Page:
I started off using the larger Apple TV screen, something large and in my eyeline to stop my gaze from wandering while running.

I was suspicious from the start - because running on a treadmill and cycling on a turbo trainer are very different things. Where the latter is active, meaning any effort you crank in is instantly shown on the screen, the former you’ll need to manually boost the speed of the treadmill.

That’s a disconnect from the virtual world - if you’re cycling and suddenly get an adrenaline boost, you can just go for it… with running it’s a little more delayed, and ruins the buzz a bit.

But I instantly enjoyed running with Zwift more than staring at a hotel gym wall. Jogging in the virtual worlds - of which there are a few to choose from, including Watopia and its volcanoes or the city of London - gives you a visual aspect of being able to see a road in front of you, taking your mind away from the monotony of the effort.

In these digital playgrounds there are too many cyclists at this point and not enough runners. Zwift tells me this is because it doesn’t want a lonely running experience - as the service is in beta, there aren’t a lot of runners populating it, so it’s making sure the experience is more vibrant by filling it with bikes.

After a few minutes of just jogging and getting acclimatised, I decided it’s time for a workout - this exercise mode is one of the best parts of Zwift cycling, creating different speed intervals to attack.

While there aren’t as many workouts for the runner, the fact they’re based on your own pace means you’ll always be pushing at just the right amount.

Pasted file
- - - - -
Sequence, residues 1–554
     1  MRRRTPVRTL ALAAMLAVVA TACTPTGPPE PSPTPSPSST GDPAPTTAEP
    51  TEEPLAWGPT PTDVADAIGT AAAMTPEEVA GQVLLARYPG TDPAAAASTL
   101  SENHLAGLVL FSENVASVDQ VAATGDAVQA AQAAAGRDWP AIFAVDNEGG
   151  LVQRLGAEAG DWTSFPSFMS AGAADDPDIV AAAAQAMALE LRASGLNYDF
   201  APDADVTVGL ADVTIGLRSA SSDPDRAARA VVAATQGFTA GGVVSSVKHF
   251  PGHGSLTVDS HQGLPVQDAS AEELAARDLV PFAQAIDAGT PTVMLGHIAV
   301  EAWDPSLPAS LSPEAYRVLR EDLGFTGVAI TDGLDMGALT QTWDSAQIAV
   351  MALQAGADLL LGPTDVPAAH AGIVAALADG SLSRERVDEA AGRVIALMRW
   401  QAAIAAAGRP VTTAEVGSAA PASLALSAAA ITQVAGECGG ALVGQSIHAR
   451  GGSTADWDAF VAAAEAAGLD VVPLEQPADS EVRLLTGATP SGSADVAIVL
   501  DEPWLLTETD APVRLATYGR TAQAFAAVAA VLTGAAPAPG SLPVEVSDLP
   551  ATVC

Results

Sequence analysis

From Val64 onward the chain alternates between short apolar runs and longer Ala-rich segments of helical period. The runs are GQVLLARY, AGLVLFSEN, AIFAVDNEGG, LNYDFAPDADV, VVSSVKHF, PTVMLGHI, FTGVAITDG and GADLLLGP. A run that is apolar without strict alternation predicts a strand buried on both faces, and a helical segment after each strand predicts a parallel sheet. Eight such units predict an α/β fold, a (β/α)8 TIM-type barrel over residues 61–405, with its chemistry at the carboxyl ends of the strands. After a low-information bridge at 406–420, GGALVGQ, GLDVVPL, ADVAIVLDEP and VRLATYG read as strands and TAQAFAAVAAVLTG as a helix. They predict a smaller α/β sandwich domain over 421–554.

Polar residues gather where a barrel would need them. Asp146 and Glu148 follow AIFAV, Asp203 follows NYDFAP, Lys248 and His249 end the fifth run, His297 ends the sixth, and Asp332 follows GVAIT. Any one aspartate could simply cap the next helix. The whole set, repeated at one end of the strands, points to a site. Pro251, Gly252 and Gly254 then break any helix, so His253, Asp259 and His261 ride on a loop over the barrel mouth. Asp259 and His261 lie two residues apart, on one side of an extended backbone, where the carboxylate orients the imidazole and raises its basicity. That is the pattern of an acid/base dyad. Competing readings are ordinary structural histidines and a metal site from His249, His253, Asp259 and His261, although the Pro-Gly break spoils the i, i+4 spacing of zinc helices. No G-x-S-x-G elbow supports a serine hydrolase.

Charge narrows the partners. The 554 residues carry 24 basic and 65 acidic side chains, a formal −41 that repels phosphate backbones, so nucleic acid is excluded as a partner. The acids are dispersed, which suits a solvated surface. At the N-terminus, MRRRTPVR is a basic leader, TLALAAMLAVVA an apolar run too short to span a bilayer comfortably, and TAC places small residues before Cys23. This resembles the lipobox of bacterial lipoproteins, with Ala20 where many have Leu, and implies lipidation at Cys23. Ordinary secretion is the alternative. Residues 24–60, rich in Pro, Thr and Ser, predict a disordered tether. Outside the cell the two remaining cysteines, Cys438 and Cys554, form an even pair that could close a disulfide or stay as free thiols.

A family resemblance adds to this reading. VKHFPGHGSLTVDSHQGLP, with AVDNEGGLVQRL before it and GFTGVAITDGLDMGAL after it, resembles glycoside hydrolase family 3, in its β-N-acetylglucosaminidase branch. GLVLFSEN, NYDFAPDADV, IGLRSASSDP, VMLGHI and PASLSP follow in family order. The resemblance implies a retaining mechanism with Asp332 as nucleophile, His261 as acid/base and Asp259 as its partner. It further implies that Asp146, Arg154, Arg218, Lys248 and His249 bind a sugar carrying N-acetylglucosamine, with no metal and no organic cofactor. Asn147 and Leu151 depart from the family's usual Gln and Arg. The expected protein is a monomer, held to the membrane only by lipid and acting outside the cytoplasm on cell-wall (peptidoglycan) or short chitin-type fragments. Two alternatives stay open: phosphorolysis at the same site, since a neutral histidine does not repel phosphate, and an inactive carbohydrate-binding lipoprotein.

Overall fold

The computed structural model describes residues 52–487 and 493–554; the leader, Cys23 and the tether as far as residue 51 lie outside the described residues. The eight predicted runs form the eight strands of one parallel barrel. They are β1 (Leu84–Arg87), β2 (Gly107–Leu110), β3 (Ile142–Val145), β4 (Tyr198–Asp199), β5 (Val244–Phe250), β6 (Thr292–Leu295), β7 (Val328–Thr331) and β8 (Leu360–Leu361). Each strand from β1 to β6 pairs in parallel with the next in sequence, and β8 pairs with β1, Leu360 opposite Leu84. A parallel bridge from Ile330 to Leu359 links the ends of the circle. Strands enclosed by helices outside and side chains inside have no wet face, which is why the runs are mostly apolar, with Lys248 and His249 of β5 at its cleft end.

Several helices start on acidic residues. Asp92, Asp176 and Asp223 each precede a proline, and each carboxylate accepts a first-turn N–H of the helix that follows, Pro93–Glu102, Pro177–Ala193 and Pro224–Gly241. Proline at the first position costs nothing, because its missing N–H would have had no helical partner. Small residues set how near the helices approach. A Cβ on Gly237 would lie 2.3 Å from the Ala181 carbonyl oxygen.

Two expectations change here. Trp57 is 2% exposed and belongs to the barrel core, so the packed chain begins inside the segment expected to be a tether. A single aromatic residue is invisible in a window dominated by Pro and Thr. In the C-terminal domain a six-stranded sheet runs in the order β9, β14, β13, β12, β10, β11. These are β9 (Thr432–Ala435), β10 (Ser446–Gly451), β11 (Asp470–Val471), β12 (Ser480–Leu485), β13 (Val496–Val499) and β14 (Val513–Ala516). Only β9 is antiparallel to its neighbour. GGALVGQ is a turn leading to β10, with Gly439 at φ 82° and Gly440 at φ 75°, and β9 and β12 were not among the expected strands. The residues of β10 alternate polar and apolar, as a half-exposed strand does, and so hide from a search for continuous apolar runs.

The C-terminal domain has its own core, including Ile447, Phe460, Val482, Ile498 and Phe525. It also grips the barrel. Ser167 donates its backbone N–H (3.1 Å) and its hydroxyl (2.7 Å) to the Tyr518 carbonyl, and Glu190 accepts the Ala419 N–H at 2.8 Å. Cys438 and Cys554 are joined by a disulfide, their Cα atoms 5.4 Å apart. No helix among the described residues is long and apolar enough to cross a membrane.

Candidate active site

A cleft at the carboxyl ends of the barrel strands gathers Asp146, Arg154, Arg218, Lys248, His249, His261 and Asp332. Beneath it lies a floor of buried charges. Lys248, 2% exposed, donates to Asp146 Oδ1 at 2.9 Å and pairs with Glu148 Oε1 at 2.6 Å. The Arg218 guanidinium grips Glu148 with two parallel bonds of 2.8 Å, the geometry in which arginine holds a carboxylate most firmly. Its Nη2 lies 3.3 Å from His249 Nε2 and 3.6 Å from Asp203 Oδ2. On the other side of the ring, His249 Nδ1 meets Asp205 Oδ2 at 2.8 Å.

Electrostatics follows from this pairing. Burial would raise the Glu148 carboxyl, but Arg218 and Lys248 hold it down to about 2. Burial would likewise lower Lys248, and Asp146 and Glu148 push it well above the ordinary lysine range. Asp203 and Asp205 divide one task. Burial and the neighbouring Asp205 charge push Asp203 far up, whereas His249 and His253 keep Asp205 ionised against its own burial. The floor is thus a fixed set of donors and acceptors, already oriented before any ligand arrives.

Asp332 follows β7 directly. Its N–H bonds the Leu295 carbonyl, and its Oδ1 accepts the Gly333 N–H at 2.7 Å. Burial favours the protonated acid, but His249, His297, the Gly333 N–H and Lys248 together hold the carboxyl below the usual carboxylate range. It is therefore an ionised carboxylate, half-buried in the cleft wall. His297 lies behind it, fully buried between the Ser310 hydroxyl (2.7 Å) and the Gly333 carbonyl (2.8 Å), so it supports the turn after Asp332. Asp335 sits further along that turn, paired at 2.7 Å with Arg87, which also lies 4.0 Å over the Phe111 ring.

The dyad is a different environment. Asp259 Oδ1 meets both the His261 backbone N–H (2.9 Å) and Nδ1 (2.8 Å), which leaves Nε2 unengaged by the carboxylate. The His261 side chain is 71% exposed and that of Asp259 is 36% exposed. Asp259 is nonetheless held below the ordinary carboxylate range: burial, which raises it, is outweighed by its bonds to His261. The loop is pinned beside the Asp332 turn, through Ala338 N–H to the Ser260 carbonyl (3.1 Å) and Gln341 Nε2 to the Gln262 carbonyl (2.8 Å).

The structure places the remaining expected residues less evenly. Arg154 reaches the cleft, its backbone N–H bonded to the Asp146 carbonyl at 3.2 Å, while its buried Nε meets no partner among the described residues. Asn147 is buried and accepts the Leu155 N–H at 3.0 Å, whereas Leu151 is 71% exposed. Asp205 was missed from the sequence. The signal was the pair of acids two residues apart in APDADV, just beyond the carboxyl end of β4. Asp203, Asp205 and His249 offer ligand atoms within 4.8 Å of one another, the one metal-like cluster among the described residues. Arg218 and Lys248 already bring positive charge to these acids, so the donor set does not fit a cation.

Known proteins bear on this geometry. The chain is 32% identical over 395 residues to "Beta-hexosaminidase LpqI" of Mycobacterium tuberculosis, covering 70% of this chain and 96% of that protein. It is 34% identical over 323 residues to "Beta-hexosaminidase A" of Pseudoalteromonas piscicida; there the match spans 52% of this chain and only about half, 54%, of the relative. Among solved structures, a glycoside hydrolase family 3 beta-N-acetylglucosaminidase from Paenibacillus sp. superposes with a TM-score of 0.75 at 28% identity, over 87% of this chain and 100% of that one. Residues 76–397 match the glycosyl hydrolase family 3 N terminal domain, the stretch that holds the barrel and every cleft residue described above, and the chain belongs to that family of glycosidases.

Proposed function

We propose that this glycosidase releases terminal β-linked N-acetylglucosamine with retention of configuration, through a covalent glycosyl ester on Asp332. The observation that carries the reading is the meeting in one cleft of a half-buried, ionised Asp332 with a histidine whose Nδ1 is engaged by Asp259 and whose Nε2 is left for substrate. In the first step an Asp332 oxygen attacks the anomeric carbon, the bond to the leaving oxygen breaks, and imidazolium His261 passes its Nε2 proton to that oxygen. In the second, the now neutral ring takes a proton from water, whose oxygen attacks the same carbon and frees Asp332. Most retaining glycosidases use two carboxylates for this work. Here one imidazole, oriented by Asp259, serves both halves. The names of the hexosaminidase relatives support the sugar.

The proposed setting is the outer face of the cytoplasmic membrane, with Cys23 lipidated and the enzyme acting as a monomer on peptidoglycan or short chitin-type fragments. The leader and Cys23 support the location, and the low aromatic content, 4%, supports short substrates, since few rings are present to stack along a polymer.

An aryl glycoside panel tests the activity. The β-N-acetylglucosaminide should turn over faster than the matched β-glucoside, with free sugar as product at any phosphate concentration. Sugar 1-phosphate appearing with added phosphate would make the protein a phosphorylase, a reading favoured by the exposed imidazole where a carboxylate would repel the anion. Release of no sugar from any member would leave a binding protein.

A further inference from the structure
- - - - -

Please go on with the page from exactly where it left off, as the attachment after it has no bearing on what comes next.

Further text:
I’ll tell you what… it’s weird to watch yourself run, even if it is a digital avatar. The workouts are excellent in terms of taking the effort of deciding how hard to go away from me, but I wish I didn’t have to keep an eye out for increases in speed… if only the treadmill could do it for me, but apparently that’s not possible just yet.

That said, I enjoyed the run far more than on any other treadmill workout I’ve done. There’s so much more to look at, whether it’s my speed, other runners who might be around or just watching as a coloured gate comes into view, telling me the next stage of the workout is on its way.

I hit the stop button and strapped a Stryd Live footpod to my shoe to try the same thing with the iPad. I expect this is the method most people will use, as it’s unlikely you’ll have the right treadmill and Apple TV around, and the distances and speed it was showing was incredibly accurate compared to what the treadmill readout was saying.